More than 330,000 foodservice operators and 73,000 retailers rely on FWD members for the supply of fresh, chilled and frozen food – often delivered daily, and ready to go straight on the menu or the counter.
FWD represents wholesalers in reactive action by government, for example taking the lead in representing the industry on issues such as Free School Meals, Holiday Hunger and wider health and obesity issues. FWD is on the board of the School Food Plan Alliance, which brings together organisations with an interest in school food and attend the regular meetings of the School Food All Party Parliamentary Group.
We are also actively involved in the formulation of food regulation. We work with the Department for the Environment and Rural Affairs to produce guidance on the new Food Information to Consumers regulations, and bring members together to discuss how best to implement the requirements.
In addition, FWD represents members’ views on economic controls on food supply, such as the Soft Drinks Levy, to ensure that unintended consequences of intervention are taken into account, such as the growth of a grey market.
FWD recognises the role that alcohol plays in contributing to anti-social behaviour and health harms, and supports across-the-board measures that consider the supply of alcohol equally, such as minimum unit pricing.
FWD takes its responsibilities seriously as more than 330,000 foodservice operators and 73,000 retailers rely on FWD members for the supply of fresh, chilled and frozen food – often delivered daily, and ready to go straight on the menu or the counter. Ensuring people live, eat and drink healthily is therefore crucial.
Given the vital importance of allergen labelling, wholesalers would like to see more done to give allergy sufferers greater confidence in the safety of their food. This could be done by mandating manufacturers to place allergen information in a central repository, which would allow food operators to easily access allergen information.
Currently there are multiple such systems which exist. A centralised database would only require manufactures to provide information once. Another benefit of this system is that it would easily communicate product recalls.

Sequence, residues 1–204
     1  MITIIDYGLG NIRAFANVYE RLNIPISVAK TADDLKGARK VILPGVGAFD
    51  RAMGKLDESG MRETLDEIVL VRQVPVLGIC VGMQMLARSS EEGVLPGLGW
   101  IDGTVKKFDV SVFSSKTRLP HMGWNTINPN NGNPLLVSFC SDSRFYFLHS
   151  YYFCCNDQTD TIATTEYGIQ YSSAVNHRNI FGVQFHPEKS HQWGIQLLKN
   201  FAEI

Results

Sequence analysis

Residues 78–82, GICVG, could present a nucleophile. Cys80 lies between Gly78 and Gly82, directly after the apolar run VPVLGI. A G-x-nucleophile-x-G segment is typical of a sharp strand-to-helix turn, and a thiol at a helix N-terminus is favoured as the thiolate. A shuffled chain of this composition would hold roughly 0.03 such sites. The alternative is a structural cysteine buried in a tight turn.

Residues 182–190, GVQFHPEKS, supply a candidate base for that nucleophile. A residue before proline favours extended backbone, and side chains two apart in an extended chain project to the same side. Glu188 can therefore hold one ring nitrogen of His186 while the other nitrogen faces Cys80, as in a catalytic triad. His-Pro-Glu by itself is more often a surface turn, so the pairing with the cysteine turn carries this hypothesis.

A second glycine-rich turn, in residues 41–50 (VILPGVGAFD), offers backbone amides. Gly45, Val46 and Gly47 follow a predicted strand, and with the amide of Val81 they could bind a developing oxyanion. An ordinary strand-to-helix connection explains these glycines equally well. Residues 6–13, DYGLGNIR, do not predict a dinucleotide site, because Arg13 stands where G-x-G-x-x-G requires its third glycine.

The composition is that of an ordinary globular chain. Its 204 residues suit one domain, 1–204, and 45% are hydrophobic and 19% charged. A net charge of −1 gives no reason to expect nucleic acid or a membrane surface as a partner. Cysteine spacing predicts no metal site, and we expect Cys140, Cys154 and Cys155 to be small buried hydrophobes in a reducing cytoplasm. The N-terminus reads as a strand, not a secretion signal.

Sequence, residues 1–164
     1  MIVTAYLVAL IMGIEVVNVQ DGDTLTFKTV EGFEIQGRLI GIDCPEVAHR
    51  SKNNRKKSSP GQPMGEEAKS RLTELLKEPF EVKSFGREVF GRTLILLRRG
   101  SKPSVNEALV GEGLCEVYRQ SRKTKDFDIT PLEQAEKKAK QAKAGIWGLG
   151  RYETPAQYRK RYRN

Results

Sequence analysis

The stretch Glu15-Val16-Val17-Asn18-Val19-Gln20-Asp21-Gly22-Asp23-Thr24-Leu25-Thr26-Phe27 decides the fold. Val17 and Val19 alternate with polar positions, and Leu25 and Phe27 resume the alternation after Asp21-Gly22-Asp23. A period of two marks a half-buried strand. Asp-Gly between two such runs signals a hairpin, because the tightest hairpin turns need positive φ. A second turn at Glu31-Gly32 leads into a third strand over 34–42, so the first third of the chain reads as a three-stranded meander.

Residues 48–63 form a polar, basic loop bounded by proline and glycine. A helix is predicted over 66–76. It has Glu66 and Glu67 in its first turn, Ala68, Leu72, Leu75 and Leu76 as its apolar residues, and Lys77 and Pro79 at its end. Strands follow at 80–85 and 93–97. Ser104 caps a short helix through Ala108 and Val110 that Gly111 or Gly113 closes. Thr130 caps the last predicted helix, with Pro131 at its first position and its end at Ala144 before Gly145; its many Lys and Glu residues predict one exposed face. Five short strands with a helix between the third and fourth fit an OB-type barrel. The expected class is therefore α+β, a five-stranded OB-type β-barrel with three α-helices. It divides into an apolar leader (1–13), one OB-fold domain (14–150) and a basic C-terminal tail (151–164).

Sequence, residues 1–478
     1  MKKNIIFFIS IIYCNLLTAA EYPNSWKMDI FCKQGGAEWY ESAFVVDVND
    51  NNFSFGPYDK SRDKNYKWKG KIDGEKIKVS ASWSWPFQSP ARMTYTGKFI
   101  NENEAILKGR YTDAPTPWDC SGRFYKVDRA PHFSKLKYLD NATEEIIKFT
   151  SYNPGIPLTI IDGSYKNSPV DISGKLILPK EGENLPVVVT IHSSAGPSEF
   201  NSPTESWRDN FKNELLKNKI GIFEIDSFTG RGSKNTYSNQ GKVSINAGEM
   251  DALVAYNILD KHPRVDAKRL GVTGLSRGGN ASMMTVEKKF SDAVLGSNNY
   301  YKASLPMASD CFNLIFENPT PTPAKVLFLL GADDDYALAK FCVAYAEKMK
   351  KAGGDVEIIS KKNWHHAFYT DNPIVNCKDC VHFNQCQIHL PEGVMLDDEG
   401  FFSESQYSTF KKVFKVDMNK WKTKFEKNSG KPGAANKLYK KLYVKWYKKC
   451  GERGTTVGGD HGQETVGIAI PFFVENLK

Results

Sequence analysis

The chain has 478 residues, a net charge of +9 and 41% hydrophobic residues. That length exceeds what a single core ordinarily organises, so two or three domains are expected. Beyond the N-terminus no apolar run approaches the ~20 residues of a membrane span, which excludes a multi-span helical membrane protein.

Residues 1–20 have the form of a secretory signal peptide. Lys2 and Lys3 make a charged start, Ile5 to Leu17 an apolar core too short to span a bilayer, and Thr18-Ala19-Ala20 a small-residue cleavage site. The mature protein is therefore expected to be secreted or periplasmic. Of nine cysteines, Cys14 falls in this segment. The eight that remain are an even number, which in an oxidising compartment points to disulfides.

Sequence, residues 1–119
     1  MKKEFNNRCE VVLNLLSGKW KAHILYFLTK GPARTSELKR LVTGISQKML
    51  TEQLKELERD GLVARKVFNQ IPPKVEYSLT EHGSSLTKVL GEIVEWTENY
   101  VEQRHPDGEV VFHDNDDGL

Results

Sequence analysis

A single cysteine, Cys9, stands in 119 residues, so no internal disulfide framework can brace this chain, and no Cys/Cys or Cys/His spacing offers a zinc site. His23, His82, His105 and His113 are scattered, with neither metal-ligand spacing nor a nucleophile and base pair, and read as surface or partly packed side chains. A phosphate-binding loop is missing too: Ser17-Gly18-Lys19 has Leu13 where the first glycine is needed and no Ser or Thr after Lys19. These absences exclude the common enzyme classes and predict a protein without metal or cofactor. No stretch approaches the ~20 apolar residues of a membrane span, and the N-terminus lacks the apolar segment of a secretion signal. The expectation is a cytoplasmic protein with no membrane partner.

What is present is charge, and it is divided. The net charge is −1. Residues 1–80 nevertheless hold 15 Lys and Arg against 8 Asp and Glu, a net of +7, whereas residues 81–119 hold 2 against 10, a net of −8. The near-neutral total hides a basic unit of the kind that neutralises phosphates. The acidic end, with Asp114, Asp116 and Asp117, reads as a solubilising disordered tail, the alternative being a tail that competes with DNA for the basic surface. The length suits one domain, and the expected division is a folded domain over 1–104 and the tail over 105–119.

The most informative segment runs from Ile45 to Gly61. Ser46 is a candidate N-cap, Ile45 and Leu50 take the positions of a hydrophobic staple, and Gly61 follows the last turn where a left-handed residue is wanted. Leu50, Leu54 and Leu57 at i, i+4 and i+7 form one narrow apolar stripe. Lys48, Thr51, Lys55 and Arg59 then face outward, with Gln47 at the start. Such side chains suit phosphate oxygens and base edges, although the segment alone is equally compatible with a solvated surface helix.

We are calling on the Government to:
December 11: The Scottish Environment, Climate Change and Land Reform Committee has released its report on the draft Deposit Return Scheme regulations.
Key points to note:
The Scottish Government will respond to the Committee’s report within two months. In the new year, a final version of the draft regulations will be laid in the Scottish Parliament for consideration. The Environment Committee then has a further 40 days (excluding recesses) to consider it again, and report on it.
Any coordinated voluntary action by the 70,000 retailers served by FWD members is extremely challenging as the majority are independent retailers. The announcement by the Government that energy drinks require an mandatory age restriction is welcome for the clarity it provides to those retailers.
More than half of wholesale customers operate under a symbol group brand. While these retailers operate under a fascia, they remain independent and it is up to each individual retailer to decide their store’s procedures. Wholesalers can encourage policies in-store but do not have any power to enforce them. Unlike franchises, symbol groups are usually only based on a wholesale purchase agreement rather than formally requiring stores to follow strict operating procedures.
The Soft Drinks Industry Levy which require manufacturers and importers of soft drinks to pay a levy on high sugar products went live on April 6 2018. The levy is made up of two rates: 18p per litre if the drink has 5g of sugar or more per 100ml and 24p per litre if the drink has 8g of sugar or more per 100ml.
Ahead of its introduction FWD has been working with Coca-Cola European Partners and the British Soft Drinks Association to highlight the potential fraud risks of the sugar tax, which includes a trade press campaign to highlight the issue to retailers and encouraging them to report any suspicious activity to HMRC.
What you can do: If you notice any drop off in sales of high sugar soft drink skus, or retailers say they’ve been offered these lines at very low prices, please let us know, or report it to the Customs Hotline